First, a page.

Re "unsealed keg" : technically, yes, but exposure of the top of the dip tube to air for a few seconds will "surely" allow only a tiny amount of oxygen. To be fair, this intuition is not supported by any data. I'm still curious about fat barrier tubing though.
 

Vale71

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Follow-up for anyone who maybe knows (@Vale71, I'm thinking of you): any info about oxygen permeability of beige 1/2" I.D. 3/4" O.D. "thermoplastic tubing" (Santoprene?) ?

I still have a couple of pieces I bought from Northern Brewer ~10 years ago. There's no labeling on the tubing that I can see.
Santoprene appears to be an EPDM-derivate that's used in automotive and industrial applications but not specifically for food processing, so I doubt you'd be able to find any that is food-safe and I certainly wouldn't use any tubing that is meant to go into a car for food processing... There are versions that are meant for the pharmaceutical industry that are probably safe for food processing but without labeling it's impossible to say if that's the case with the tubing that you have on hand.

I would just use standard EPDM tubing. I've been able to source it with 1/2" I.D. for my RIMS system so with a bit of browsing around you should be able to find it as well. It's most often used in milk and dairy processing so that's where you should start looking.

Regarding the unsealed container issue, I'm afraid that's going to be where most of your O2 ingress is going to come from anyway so you should really find a way of performing the transfer only between sealed and fully purged containers. The amount that will permeate even through the worst possible material (i.e. silicone) during transfer is still tiny compared to what you will be exposing your beer to if you let even a relatively small amount of a mixture containing 21% oxygen get into the keg.
 

Vale71

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I've probably got some vinyl that would work, but... I take it you're saying vinyl is much less oxygen permeable than silicone? ( though EVAbarrier is even better)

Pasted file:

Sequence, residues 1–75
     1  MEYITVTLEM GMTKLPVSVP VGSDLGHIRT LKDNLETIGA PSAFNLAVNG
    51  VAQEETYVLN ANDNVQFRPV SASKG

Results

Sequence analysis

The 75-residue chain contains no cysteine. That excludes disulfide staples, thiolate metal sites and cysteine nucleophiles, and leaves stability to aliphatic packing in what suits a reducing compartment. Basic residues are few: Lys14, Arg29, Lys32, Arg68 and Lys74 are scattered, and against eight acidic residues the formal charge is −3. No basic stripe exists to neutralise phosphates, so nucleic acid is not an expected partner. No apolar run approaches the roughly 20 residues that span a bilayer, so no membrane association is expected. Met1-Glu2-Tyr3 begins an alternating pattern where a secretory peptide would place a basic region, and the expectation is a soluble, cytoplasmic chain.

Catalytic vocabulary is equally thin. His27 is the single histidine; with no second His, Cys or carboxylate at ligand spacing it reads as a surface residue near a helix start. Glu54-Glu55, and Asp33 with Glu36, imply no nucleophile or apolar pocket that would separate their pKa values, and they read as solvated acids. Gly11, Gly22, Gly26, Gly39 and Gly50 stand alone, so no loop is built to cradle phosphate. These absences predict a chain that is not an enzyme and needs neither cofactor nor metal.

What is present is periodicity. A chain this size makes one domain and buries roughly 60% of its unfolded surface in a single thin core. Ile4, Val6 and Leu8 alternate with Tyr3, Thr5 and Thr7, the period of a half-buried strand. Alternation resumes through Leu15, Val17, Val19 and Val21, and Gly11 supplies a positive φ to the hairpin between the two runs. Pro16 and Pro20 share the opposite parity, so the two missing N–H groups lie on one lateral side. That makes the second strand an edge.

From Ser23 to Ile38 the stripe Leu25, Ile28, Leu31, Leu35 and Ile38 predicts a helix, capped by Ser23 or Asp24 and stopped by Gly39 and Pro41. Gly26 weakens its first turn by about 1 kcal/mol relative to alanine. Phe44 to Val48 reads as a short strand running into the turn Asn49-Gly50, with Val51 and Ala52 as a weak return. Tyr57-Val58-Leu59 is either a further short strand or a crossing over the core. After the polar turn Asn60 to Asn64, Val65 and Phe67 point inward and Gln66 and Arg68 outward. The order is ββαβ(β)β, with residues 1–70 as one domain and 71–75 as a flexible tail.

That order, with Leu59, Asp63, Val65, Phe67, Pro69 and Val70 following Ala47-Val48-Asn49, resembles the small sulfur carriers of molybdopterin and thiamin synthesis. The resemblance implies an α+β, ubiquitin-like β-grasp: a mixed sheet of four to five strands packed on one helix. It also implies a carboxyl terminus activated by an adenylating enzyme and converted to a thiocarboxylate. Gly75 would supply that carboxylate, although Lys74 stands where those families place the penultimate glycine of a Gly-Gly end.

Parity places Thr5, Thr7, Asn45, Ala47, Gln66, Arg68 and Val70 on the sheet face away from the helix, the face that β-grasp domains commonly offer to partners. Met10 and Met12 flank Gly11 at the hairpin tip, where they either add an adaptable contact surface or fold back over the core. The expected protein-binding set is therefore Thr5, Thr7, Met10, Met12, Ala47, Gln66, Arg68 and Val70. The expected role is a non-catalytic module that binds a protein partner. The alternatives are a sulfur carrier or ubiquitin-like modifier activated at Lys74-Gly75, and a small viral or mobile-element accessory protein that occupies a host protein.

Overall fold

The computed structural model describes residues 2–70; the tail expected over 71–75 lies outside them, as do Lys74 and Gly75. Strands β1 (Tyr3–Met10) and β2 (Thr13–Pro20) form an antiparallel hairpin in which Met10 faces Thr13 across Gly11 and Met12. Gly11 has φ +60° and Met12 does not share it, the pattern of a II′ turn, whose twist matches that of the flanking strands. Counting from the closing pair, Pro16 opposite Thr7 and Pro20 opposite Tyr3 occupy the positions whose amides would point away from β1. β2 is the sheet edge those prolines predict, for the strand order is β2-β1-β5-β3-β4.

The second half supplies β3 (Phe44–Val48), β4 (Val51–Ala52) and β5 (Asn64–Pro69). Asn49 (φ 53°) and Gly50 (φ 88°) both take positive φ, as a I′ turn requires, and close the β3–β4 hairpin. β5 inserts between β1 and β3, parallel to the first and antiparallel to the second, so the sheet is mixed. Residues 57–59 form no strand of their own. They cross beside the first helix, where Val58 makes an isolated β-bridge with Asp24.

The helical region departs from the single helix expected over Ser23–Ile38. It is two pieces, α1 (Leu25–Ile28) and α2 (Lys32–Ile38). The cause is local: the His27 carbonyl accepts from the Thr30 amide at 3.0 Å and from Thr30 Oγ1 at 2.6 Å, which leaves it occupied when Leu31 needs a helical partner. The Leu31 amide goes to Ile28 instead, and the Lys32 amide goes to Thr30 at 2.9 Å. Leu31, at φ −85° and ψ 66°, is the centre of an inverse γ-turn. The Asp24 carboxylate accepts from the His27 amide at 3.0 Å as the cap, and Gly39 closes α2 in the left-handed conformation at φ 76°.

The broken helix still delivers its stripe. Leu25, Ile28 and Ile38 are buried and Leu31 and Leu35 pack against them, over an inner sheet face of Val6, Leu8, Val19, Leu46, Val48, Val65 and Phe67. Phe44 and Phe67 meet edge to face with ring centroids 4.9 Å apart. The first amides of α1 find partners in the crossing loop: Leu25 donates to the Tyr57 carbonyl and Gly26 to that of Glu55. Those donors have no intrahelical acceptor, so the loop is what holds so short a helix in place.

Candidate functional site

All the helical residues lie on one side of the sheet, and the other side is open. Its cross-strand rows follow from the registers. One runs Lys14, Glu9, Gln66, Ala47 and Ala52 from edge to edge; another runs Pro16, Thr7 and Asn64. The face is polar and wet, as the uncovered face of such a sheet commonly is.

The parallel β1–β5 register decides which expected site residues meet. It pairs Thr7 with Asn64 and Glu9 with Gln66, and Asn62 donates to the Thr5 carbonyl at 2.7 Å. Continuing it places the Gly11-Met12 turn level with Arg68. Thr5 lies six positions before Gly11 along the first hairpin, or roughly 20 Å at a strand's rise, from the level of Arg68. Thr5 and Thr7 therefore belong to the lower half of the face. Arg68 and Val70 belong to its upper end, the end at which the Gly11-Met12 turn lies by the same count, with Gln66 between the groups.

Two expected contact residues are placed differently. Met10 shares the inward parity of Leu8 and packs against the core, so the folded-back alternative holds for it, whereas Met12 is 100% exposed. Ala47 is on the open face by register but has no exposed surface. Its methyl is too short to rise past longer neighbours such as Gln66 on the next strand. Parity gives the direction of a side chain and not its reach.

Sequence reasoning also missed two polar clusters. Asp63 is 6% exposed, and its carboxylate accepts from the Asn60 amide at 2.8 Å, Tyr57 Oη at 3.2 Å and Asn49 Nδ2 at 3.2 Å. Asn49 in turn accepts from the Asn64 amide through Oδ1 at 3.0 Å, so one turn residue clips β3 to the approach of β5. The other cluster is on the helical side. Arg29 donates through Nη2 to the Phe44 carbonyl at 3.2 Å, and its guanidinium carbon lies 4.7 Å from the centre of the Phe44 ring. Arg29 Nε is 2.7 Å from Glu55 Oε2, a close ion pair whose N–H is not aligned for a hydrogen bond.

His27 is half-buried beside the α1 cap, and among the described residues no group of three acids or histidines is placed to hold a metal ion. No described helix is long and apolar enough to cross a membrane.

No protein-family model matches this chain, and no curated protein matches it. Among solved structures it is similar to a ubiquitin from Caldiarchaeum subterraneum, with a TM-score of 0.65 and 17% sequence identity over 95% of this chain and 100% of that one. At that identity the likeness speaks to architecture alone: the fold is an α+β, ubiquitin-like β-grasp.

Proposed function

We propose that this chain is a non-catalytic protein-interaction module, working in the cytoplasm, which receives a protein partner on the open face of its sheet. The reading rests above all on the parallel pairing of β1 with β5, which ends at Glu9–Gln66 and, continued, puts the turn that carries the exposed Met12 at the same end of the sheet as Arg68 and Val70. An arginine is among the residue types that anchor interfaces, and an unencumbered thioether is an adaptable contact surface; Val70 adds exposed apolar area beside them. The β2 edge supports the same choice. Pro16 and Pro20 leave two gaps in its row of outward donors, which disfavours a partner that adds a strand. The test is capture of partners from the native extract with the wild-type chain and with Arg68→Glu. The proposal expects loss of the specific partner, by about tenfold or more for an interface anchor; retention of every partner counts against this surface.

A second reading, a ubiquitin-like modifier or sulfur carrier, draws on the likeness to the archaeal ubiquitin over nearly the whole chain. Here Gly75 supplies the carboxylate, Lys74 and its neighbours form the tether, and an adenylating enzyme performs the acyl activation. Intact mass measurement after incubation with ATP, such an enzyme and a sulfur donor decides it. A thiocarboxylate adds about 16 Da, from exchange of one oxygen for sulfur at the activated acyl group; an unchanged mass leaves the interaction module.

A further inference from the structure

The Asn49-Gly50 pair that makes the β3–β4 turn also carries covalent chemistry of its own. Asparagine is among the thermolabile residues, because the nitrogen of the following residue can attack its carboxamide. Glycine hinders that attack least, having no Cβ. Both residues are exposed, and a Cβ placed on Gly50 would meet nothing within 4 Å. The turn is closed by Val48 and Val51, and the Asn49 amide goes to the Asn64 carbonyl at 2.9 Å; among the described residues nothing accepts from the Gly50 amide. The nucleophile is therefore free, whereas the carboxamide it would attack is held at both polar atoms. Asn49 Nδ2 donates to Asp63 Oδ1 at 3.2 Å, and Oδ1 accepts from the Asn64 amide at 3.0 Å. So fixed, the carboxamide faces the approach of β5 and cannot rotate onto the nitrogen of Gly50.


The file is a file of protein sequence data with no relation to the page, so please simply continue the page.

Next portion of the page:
Sometimes, in pursuit of oxygen avoidance, I strongly feel the lack of solid data. Folks say, omg it made a big difference. But no one reports measuring dissolved oxygen. Just : my hop aroma lasted more / less. Sorry for the rant, and thanks for any ideas even when totally subjective 😁
The data is out there, even for very simple devices such as carboy caps:


FYI basically ANY elastomer is better than silicone. The permeabily of silicone rubber is just horrendous. It's so bad that gas exchange membranes in artificial heart-lung machines are made of... DRUMROLL ... silicone! :D
 
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sibelman

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Many thanks, @Vale71. I will read the Better Bottle material with great interest. Perhaps it will help me to develop more perspective on the comparative utility of different oxygen-exclusion methods. I've been focused on avoiding clogs, which have bollixed a couple of transfers in the last year -- hence my interest in fatter tubing.

From your remarks, I feel my biggest next move must be more effective serving keg purging. A few blasts of CO2 before transfer are clearly inadequate.

fwiw, Stout sells food-grade Santoprene. No reason I know to prefer that over EDPM from, say, McMaster-Carr.